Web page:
One of the UK’s most popular wildlife tourism destinations is getting a back-to-nature makeover.
Conservationists have teamed up to triple the size of a nature sanctuary on Purbeck Heath by adding private land to three existing reserves.
It will create the largest lowland heathland in England and it’ll allow species to shift round the landscape as the climate changes.
The area is currently among the finest in the UK for wildlife diversity.
However, proponents say the new plan for the site in Dorset will allow smarter management.
The RSPB’s Peter Robertson told BBC News: “In recent years we’ve been trying to protect individual species on a micro-level on small fragmented sites.
“Sometimes we’ve even employed volunteers to reshape the earth with trowels to help a single type of wasp.
“Now the fences are coming down, we’ll be able to allow grazing animals to roam around and do the job of disturbing the ground and creating different habitats for us.”
Glimpses of wildlife
The Purbeck area – stretching from Poole to Wareham in the south-west of England – already attracts more than 2.5 million visitors a year, and many come to catch a glimpse of red squirrels or seabirds.
The new, expanded National Nature Reserve is a mosaic of lowland wet and dry heath, valley mires, acid grassland and woodland, along with coastal sand dunes, lakes and saltmarsh. It’s the size of Blackpool.
It nurtures star attractions like rare sand lizards; Dartford warblers, silver-studded blue butterflies; nightjars; smooth snakes; and woodlarks.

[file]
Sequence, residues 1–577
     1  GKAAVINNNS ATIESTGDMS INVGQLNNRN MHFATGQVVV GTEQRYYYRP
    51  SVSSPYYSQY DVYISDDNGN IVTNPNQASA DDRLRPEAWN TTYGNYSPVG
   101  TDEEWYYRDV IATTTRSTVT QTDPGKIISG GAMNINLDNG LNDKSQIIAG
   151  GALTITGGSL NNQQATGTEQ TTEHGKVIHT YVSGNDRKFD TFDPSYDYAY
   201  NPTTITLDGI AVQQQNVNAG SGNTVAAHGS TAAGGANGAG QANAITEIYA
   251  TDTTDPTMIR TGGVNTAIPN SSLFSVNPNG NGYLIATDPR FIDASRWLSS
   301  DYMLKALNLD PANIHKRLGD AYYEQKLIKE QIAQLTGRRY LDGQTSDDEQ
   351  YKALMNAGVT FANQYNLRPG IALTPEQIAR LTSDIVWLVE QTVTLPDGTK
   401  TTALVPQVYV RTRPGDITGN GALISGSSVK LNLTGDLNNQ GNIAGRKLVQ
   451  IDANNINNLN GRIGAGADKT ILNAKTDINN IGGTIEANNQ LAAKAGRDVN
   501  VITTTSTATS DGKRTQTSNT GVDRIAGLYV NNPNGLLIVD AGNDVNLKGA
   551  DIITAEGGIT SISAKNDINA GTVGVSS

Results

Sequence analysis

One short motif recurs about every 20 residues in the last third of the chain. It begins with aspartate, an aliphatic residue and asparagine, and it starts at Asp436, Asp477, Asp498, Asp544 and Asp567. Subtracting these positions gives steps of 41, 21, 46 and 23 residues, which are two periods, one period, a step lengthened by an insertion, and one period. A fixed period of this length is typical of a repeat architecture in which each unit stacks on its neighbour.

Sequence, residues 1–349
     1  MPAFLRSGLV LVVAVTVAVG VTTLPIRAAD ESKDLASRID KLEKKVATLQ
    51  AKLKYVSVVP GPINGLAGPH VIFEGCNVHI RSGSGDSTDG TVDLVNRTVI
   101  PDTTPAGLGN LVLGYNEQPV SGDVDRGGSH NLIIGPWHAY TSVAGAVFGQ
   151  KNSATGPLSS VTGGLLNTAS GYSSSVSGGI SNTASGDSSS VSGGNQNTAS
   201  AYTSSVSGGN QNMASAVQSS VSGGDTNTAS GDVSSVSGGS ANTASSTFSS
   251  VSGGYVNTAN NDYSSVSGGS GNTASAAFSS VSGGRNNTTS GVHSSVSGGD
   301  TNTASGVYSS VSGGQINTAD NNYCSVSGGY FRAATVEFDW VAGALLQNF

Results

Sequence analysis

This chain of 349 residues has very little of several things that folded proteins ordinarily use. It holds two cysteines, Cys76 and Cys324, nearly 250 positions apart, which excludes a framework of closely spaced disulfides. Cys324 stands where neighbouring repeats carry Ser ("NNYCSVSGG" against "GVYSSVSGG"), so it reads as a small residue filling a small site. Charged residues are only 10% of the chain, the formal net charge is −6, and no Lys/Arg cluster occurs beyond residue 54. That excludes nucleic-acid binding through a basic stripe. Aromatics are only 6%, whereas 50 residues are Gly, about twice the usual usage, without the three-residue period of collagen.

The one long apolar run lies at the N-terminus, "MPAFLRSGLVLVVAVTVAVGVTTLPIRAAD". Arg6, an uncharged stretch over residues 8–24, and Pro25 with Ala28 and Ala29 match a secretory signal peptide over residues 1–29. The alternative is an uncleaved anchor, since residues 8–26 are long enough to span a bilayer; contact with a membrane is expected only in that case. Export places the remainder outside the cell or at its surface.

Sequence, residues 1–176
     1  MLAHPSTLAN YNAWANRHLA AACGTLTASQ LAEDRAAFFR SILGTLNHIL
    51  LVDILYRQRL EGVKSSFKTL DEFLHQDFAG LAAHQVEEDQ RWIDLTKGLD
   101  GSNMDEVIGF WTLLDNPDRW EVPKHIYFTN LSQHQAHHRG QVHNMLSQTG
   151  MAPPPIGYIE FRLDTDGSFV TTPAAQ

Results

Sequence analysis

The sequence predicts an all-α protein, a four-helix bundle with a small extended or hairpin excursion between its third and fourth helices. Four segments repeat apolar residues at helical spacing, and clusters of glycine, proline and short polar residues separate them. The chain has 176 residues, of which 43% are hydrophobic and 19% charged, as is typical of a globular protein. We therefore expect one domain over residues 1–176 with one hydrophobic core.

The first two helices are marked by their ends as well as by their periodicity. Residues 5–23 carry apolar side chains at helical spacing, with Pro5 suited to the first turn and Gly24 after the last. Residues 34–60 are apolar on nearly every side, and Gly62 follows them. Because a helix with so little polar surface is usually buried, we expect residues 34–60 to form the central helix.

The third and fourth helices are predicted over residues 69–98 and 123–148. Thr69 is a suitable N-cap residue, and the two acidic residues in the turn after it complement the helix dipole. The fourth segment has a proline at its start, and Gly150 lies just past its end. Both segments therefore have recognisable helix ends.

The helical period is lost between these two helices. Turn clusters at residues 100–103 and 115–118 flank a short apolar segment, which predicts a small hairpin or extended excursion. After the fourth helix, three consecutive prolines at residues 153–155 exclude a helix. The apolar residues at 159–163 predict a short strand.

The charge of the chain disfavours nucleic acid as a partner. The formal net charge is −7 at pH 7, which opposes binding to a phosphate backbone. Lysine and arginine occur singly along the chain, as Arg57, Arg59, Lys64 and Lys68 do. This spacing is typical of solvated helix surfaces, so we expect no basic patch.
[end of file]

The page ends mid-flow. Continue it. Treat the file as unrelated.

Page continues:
At the heart of the reserve are two large tracts of mostly forested ground owned by Forestry England and the Rempstone Estate. They’ve both agreed to co-operate with the nature plan.
Much of the forest will be removed and the land will be restored to wet heath, which is highly effective at trapping carbon in the soil.
Other partners are Natural England; Forestry England; Dorset Wildlife Trust and Amphibian and Reptile Conservation and the National Trust.
Angela Cott, the National Trust’s manager on Brownsea island in Poole Harbour, told BBC News the new reserve is the latest initiative in a long drive to return local farmland to nature.
“Brownsea Island was lowland heath since prehistoric times, but the Victorians worked hard to convert it into farmland and forestry,” she said. “We’re in it for managing nature now. It’s being transformed.”
Doug Ryder, whose family has owned land on Purbeck for hundreds of years, told BBC News: “The estate sees the benefit of a combined management approach to enhance the environment, while balancing that with the continued need to operate a viable, rural estate for all those who derive their livelihood from it.
"Who benefits from the nature reserve? We all do... but the biggest winner has to be the environment itself."
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